Inheritance Tax rules on downsizing ‘too confusing’

Analysts have criticised HM Revenue & Customs’ (HMRC) guidelines on how people can downsize their home but retain the value of their previous residence for an Inheritance Tax (IHT) reduction.

Commentators have described the tax authority’s guidance as “impenetrable”, claiming that HMRC has offered up a “complex solution to what should have been a relatively straightforward problem”.

Specifically, the Institute of Chartered Accountants in England and Wales (ICAEW), has said that the new guidance, entitled How downsizing, selling or gifting a home affects the additional Inheritance Tax threshold, is only “slightly less impenetrable” than the legislation itself.

In addition, the accountancy body has highlighted the fact that real-life complications involving estates valued above £2 million, and nil rate and transferable rate bands, are ignored in the explanatory note from HMRC.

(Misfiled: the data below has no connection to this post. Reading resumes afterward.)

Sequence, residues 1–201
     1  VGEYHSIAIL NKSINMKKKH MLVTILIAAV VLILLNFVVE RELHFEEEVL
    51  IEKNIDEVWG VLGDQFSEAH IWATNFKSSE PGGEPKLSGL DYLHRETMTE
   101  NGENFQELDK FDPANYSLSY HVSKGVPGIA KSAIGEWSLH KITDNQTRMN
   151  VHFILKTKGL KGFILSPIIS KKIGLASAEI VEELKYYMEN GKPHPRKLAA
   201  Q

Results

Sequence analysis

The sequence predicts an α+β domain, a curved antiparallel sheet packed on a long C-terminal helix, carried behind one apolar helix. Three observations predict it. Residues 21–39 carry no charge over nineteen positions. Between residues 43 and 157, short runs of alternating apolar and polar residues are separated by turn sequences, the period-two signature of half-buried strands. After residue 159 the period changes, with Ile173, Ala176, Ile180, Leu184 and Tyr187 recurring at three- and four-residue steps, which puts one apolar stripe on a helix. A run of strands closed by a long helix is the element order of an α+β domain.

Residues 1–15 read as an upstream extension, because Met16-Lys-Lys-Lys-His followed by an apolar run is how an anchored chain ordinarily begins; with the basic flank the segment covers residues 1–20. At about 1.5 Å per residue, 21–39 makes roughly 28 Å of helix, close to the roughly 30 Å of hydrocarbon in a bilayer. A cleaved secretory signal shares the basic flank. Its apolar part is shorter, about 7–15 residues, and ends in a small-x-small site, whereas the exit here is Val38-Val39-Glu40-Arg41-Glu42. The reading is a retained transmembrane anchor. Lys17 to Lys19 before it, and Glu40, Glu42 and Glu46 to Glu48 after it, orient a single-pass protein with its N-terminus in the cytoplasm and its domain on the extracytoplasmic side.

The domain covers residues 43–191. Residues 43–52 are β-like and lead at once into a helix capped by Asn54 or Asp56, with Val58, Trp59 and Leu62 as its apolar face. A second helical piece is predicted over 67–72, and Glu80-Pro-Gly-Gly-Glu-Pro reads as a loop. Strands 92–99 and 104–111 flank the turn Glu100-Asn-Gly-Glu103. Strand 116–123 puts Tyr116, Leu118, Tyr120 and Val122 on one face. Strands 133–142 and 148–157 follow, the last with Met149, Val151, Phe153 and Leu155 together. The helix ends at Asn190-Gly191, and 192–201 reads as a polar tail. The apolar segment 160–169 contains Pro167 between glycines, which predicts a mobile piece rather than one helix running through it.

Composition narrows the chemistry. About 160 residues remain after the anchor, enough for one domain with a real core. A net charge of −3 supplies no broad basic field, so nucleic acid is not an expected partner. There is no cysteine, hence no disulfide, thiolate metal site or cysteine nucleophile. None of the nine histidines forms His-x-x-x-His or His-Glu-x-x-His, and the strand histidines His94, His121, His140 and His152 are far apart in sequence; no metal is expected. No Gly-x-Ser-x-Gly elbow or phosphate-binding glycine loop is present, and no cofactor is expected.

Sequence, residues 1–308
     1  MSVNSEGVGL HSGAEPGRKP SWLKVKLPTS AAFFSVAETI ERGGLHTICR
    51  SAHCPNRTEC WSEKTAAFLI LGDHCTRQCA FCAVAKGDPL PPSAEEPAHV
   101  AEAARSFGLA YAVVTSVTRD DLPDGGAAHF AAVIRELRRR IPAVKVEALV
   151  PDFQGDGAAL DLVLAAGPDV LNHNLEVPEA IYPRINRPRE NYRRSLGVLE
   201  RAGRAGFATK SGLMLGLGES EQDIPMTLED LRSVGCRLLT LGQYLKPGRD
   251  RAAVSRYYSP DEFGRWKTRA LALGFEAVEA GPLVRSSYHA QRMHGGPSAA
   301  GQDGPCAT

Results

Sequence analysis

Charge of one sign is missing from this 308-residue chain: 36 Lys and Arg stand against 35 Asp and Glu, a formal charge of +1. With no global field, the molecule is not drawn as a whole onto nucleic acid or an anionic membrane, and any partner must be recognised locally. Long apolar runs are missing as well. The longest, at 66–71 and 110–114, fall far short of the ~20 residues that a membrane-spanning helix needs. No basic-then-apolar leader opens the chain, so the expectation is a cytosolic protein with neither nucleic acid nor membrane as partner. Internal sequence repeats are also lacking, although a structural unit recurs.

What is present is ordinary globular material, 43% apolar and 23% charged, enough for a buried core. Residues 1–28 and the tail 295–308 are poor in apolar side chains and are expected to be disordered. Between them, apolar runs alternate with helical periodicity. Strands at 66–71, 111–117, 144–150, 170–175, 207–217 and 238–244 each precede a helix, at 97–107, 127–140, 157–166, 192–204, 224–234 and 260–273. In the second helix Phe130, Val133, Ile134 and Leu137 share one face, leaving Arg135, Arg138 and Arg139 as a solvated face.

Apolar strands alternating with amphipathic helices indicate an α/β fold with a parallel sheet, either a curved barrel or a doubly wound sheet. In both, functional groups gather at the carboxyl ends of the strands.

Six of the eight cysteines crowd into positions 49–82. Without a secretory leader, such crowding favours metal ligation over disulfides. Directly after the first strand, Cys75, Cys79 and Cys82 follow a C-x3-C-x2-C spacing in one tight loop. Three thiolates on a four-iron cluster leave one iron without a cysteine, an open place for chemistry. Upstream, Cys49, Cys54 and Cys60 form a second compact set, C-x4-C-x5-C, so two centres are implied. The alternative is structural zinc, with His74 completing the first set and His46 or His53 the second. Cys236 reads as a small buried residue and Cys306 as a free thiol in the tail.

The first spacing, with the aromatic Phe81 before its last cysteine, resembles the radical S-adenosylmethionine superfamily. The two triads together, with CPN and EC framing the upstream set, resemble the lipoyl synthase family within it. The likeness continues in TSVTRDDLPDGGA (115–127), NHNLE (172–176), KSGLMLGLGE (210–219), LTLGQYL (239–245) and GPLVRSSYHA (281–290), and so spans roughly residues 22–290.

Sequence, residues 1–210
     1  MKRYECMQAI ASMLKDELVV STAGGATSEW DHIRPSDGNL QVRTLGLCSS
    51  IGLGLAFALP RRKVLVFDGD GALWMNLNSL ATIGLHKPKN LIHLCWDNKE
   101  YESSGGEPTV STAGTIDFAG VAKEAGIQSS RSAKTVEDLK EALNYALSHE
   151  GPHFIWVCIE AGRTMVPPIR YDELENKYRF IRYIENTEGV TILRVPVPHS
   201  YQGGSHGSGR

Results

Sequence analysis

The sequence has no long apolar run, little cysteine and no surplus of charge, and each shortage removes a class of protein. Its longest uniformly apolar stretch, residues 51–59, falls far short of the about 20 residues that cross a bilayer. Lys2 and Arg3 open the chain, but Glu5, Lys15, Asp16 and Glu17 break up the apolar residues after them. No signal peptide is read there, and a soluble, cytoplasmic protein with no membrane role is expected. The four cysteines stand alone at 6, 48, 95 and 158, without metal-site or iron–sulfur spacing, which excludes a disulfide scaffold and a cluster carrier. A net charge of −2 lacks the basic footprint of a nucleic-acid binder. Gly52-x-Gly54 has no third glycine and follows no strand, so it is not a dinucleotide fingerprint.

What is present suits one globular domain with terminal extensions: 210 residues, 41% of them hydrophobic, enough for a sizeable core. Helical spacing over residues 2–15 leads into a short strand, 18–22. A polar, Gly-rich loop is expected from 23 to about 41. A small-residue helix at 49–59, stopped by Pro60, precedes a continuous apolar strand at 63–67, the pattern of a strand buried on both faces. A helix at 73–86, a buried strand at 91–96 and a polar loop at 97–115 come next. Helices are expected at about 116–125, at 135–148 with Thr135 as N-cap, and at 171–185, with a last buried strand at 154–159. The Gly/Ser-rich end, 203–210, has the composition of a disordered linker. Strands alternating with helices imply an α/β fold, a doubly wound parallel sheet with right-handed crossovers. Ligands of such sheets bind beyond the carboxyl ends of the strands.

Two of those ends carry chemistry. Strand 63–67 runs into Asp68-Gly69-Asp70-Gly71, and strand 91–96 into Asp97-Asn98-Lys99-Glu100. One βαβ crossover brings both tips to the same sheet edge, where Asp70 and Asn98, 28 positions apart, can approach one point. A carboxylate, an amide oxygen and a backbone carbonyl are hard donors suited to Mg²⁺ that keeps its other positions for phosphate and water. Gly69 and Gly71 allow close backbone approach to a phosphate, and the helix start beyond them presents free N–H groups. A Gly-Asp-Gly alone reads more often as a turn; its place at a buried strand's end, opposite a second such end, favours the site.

So, what does the new guidance actually mean?

The new guidance for the Residence Nil Rate Band (RNRB), plus two related pieces of updated IHT guidance on trusts and Inheritance Tax and transferring unused tax-free thresholds, have been published to help individuals decipher the complex rules governing the RNRB system.

The guidance basically explains that, under the new rules, when someone has sold, given away or downsized to a less valuable home before they die, their estate may be able to get an extra IHT threshold, known as a ‘downsizing addition’, provided three conditions apply. These are that:

  • The person sold, gave away or downsized to a less valuable home, on or after 8 July 2015
  • The former home would have qualified for the additional threshold if they had kept it until they died; and
  • Their direct descendants inherit at least some of the estate.

However, even HMRC admits that many people will need professional help and advice to get the maximum benefit from these rules and associated downsizing provisions, particularly where trusts have been used, stating that the guidance only explains the very basic rules.

For more information about MD Consulting’s Inheritance Tax planning services and how we can help you, please contact us.

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